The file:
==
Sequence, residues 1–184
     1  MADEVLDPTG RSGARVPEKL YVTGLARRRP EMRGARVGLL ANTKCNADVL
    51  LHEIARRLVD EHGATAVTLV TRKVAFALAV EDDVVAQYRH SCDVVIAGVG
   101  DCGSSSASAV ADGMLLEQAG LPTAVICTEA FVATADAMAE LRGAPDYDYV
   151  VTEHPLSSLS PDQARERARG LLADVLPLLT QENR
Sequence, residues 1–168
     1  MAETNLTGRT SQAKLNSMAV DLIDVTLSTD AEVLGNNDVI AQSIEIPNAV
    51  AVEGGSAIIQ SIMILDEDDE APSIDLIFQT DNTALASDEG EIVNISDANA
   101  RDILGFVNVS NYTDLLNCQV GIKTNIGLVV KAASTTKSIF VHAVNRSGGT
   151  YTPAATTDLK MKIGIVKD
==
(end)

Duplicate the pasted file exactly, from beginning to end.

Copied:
Sequence, residues 1–184
     1  MADEVLDPTG RSGARVPEKL YVTGLARRRP EMRGARVGLL ANTKCNADVL
    51  LHEIARRLVD EHGATAVTLV TRKVAFALAV EDDVVAQYRH SCDVVIAGVG
   101  DCGSSSASAV ADGMLLEQAG LPTAVICTEA FVATADAMAE LRGAPDYDYV
   151  VTEHPLSSLS PDQARERARG LLADVLPLLT QENR
Sequence, residues 1–168
     1  MAETNLTGRT SQAKLNSMAV DLIDVTLSTD AEVLGNNDVI AQSIEIPNAV
    51  AVEGGSAIIQ SIMILDEDDE APSIDLIFQT DNTALASDEG EIVNISDANA
   101  RDILGFVNVS NYTDLLNCQV GIKTNIGLVV KAASTTKSIF VHAVNRSGGT
   151  YTPAATTDLK MKIGIVKD